• On September 14, 2017, the FDA issued a notice entitled, Advisory Committee; Nonprescription Drugs Advisory Committee, Renewal. The notice announces the renewal of the Nonprescription Drugs Advisory Committee. The new charter will be in effect until August 27, 2019.
  • On September 15, 2017, the CDC issued a notice entitled, Solicitation of Nominations for Appointment to the Healthcare Infection Control Practices Advisory Committee (HICPAC). The notice announces that the CDC is seeking nominations for membership on the HICPAC. The HICPAC consists of 14 experts in fields including but not limited to, infectious diseases, infection prevention, healthcare epidemiology, nursing, clinical microbiology, surgery, hospitalist medicine, internal medicine, epidemiology, health policy, health services research, public health, and related medical fields. Nominations are being sought for individuals who have expertise and qualifications necessary to contribute to the accomplishments of the committee’s objectives. Nominations must be received by November 30, 2017.
Event Notices
  • September 25, 2017: The Centers for Medicare & Medicaid Services (CMS) announced a meeting of the Medicare Advisory Panel on Clinical Diagnostic Laboratory Tests (the Panel). The Agenda for the September 25, 2017, Panel Meeting will provide for discussion and comment on the following topics as designated in the Panel’s charter: (1) CY 2018 CLFS laboratory test codes for which CMS received no applicable information to calculate a Medicare payment rate; and (2) Other CY 2018 CLFS issues designated in the Panel’s charter.
  • October 25 – 26, 2017: The Centers for Disease Control and Prevention (CDC) announced a meeting of the Advisory Committee on Immunization Practices (ACIP). The agenda will include discussions on adult immunization schedule, child/adolescent immunization schedule, influenza vaccines, anthrax vaccine, Japanese encephalitis vaccines, hepatitis vaccines, herpes zoster vaccines, human papillomavirus vaccines, mumps vaccine, pneumococcal vaccines, respiratory syncytial virus vaccine and immunization safety update. A recommendation vote is scheduled for adult immunization schedule, child/adolescent immunization schedule, hepatitis vaccines and herpes zoster vaccines. A Vaccines for Children vote is scheduled for hepatitis vaccines. Agenda items are subject to change as priorities dictate.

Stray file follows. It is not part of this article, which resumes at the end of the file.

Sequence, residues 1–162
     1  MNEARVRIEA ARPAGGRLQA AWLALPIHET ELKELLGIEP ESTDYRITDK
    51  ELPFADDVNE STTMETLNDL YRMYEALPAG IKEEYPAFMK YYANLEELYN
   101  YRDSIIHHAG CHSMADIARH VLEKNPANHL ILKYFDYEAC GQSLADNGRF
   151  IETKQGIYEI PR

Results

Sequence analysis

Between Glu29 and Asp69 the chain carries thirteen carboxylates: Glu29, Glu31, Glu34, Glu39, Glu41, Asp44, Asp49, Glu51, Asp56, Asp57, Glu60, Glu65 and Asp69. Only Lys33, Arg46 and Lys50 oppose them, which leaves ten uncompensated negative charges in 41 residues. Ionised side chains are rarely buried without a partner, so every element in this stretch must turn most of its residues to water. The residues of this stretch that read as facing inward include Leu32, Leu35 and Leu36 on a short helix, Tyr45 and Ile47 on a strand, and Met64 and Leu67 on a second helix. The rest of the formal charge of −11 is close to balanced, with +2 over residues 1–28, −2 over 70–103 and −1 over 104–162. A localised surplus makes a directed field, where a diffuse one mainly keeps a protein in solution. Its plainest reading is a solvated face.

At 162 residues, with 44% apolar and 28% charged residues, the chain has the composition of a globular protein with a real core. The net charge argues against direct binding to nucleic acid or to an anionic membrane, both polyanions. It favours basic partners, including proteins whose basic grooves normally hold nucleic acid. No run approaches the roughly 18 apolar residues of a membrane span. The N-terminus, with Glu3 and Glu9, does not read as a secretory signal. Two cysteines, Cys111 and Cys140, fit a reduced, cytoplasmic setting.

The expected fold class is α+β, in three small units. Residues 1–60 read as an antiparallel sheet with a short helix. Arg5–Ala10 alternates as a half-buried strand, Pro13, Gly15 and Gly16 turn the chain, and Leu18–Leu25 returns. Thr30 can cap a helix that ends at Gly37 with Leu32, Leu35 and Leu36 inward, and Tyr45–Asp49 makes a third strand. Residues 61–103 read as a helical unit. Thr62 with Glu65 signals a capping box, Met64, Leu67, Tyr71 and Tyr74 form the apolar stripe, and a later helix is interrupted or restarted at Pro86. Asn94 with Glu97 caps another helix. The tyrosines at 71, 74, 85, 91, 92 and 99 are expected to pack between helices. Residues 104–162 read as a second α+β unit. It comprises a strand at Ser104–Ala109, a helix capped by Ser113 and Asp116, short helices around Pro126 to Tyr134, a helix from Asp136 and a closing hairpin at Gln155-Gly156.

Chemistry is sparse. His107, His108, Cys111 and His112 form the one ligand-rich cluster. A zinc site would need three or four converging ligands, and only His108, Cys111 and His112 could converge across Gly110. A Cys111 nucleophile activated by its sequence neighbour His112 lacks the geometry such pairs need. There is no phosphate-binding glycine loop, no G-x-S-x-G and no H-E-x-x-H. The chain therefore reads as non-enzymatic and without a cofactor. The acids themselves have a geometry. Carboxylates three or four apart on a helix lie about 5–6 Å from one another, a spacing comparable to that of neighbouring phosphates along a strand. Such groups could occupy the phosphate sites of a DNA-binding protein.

• November 1 – 2, 2017: The CDC announced a meeting of the Clinical Laboratory Improvement Advisory Committee (CLIAC). The agenda will include agency updates from CDC, Centers for Medicare and Medicaid Services (CMS), and The Food and Drug Administration (FDA). Presentations and discussions will focus on laboratory testing in the era of telemedicine; antibiotic resistance testing issues; culture independent diagnostic tests; and a report from the Institute of Medicine (IOM) CLIAC workgroup.
  • November 8 – 9, 2017: The CDC announces a meeting of the HICPAC. The agenda will include updates on the CDC’s activities for prevention of healthcare associated infections (HAIs), and the Division of Healthcare Quality Promotion’s modeling efforts. It will also include updates from the following HICPAC workgroups: the Guideline for Prevention of Infection in Neonatal Intensive Care Unit (NICU) Patients; the Guideline for Prevention of Infection in Healthcare Personnel; the workgroup on updating the CDC recommendation categorization scheme; the workgroup on developing the CDC recommendations for products and practices; and the National Healthcare Safety Network (NHSN) Surveillance Workgroup.
  • November 9, 2017: The CDC announced a meeting of the Advisory Committee to the Director, Centers for Disease Control and Prevention – Health Disparities Subcommittee (ACD, CDC-HDS). The Health Disparities Subcommittee agenda will include discussions on addressing health disparities in achieving the agency’s overarching health impact goals including selected observations from the HDS for the ACD, CDC to consider, and on progress of the HDS, and on progress toward activities related to data disaggregation and childhood trauma.

II. Congressional Legislation & Committee Action

U.S. Senate  
  • On September 12, 2017, the Senate Health, Education, Labor and Pensions (HELP) Committee will hold a hearing entitled, Stabilizing Premiums in the Individual Insurance Market for 2018: State Flexibility. The witnesses scheduled to testify include: Michael Leavitt, Former HHS Secretary; Allison Leigh O’Toole, CEO on MNsure; Tarren Bragdon, CEO of Kaiser Foundation Hospitals and Health Plan, Inc; and Tammy Tomczyk, Senior Principal and Consulting Actuary, Oliver Wyman. T